League shelves sensors program on hits What's trending with concessions? Plugged In: Kenneth Shropshire TV success of worlds bodes well for USSA Sports Media: Facebook video WWE fights back on OTT network The launching of Air Jordan The Sit-Down: Dennis Gilbert Concessionaires go deep with analytics The 2015 class of Forty Under 40
SBJ/Jan. 24-30, 2011/FranchisesPrint All
The Atlanta Braves are developing two new branded super suites catering to separate audiences at Turner Field.
The team is consolidating four regular suites midlevel beyond the right-field foul pole that often went unsold into two larger 50-person units for the 2011 season. One skybox will be marketed as a business meeting space with projection screens and other office equipment tailored for corporate use before games. The second will have a sports bar theme with a foosball table, Golden Tee and other video games, said Derek Schiller, the Braves’ executive vice president of sales and marketing.
The club is negotiating naming rights for both premium spaces, and each sponsor will receive exclusive use of those group suites for a half-dozen games, Schiller said. Those two deals are not signed. Both super suites will be sold for single games for the remaining 75 dates.
The cost for the business center suite is $6,000 for weekday games, $4,500 for weekend dates. The sports bar suite price is $4,800 for weekdays, $3,600 for weekends. Food and drink is an additional cost.
In repositioning vacant suite inventory to adapt to a shifting premium market, the Braves fall in line with other MLB teams playing in ballparks built in the 1990s, when skyboxes were still a relatively new product. Some parks, such as Progressive Field in Cleveland, opened with more than 100 suites and wound up with many empty units after long-term leases expired and companies declined to renew their deals because of economic conditions, the desire to get closer to the field, or other factors.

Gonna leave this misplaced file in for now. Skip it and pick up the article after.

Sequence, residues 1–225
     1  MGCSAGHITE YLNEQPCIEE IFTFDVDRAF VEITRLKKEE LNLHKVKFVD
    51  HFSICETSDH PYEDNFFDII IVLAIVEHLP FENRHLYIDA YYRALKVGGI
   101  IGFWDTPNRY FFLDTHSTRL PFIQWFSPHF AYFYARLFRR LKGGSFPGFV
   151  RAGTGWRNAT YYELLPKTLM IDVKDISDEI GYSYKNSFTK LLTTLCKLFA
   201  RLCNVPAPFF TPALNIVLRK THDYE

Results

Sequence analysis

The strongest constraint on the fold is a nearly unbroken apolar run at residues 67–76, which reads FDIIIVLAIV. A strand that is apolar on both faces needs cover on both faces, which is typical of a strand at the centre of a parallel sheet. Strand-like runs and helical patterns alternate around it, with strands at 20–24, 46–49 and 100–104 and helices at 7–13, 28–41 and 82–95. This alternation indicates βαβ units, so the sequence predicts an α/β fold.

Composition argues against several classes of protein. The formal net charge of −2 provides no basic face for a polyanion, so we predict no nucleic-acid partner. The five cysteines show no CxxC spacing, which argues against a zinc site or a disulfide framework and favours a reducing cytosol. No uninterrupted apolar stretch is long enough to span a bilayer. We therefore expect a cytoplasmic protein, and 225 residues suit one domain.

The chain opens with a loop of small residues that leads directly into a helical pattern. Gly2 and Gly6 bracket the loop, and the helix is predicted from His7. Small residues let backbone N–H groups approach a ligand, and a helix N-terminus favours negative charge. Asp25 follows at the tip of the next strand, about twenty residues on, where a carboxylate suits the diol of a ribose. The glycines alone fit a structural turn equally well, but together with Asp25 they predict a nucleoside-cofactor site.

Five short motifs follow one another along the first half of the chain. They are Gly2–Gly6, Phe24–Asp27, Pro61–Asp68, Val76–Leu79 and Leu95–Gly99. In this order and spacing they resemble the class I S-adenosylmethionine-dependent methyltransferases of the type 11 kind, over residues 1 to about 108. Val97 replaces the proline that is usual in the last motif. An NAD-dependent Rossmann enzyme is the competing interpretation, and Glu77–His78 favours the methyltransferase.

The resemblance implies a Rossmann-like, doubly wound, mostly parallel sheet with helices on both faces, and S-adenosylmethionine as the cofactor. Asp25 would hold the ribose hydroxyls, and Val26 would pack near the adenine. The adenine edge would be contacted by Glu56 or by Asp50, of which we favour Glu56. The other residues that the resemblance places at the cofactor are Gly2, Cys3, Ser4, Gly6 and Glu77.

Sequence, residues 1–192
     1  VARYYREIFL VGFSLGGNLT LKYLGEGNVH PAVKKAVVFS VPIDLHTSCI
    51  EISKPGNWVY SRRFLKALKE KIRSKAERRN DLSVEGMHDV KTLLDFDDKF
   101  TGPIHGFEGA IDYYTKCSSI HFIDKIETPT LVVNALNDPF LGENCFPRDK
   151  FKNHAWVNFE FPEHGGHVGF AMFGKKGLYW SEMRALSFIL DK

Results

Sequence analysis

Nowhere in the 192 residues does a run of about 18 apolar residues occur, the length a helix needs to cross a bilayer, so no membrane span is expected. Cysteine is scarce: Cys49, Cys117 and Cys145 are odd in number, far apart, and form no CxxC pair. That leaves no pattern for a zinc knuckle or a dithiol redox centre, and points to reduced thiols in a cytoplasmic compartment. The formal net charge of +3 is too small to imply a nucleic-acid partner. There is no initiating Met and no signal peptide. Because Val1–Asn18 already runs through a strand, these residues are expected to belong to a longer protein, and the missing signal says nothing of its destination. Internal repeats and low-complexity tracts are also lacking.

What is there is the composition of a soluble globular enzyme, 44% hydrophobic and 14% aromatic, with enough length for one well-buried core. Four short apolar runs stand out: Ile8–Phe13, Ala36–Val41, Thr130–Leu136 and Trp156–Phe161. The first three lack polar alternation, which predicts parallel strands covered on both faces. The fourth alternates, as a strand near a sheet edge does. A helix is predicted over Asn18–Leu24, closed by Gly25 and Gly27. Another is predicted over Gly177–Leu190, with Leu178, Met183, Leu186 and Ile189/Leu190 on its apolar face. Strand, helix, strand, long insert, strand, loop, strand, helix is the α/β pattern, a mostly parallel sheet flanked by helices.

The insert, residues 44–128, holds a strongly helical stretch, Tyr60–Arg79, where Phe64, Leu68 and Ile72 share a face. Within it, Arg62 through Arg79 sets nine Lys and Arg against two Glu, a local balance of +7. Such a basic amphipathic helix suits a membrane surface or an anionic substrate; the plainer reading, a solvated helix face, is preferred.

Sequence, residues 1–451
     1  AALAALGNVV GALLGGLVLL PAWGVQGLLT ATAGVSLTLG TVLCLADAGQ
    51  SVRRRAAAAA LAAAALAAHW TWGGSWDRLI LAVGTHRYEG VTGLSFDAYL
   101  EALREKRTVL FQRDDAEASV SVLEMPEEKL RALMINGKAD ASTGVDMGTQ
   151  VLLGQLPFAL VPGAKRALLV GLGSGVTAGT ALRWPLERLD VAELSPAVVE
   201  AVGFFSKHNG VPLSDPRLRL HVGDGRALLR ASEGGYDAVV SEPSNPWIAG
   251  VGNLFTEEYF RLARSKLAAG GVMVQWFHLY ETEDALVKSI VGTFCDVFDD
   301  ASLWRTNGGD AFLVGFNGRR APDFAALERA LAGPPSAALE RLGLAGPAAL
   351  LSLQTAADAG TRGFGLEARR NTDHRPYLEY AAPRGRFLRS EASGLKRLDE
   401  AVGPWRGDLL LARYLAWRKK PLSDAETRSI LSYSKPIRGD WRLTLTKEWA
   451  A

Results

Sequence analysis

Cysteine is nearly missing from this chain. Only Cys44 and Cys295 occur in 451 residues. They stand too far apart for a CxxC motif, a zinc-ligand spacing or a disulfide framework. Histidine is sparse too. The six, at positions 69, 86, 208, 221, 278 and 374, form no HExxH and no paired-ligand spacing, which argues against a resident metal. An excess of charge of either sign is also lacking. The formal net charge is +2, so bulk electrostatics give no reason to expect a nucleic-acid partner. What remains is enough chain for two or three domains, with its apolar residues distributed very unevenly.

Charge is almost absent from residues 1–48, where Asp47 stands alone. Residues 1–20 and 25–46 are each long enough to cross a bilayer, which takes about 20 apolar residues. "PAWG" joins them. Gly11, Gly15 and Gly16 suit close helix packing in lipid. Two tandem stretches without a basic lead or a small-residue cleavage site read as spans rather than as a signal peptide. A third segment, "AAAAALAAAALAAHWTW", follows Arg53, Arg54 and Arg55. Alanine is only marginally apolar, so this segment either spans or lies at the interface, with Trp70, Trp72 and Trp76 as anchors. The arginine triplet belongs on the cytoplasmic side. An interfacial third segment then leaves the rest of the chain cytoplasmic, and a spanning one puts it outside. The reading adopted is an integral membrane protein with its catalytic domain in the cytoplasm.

Turner Field, built for the 1996 Olympics and converted for baseball, has 58 suites, far fewer than other parks of the era but still too many to keep occupied in a 49,583-seat stadium, according to Schiller. The Braves saw what the Indians did to create their “fan cave” suite, a 12-person skybox with a pool table and video games that sold for $3,000 a game in 2010. For 2011, Cleveland is doubling the size of its fan cave and moving it elsewhere in the park after combining two individual suites, team officials said.
John Cimperman, Schiller’s friend from their days working in the NHL, helped the Braves create their sports bar super suite. Ten years ago, Cimperman, now a principal with Cenergy, a Buffalo-based sports creative agency, developed a rec-room style suite at HSBC Arena modeled after Comedy Central’s “The Man Show.”
The goal for teams is to create demand for suites by reducing supply while developing new sponsorship opportunities to get more companies to buy premium seats, Cimperman said.
“Right now, all of them are saying, ‘We wish we had 30 less suites,’” he said.
FC Dallas hopes a new ticketing strategy will help channel the club’s on-field success in 2010 into better attendance in 2011. The team, which lost to the Colorado Rapids in the 2010 MLS Cup, posted the league’s third-worst attendance numbers last season.
FC Dallas played in last season's MLS Cup, but ranked near the bottom of the league in attendance.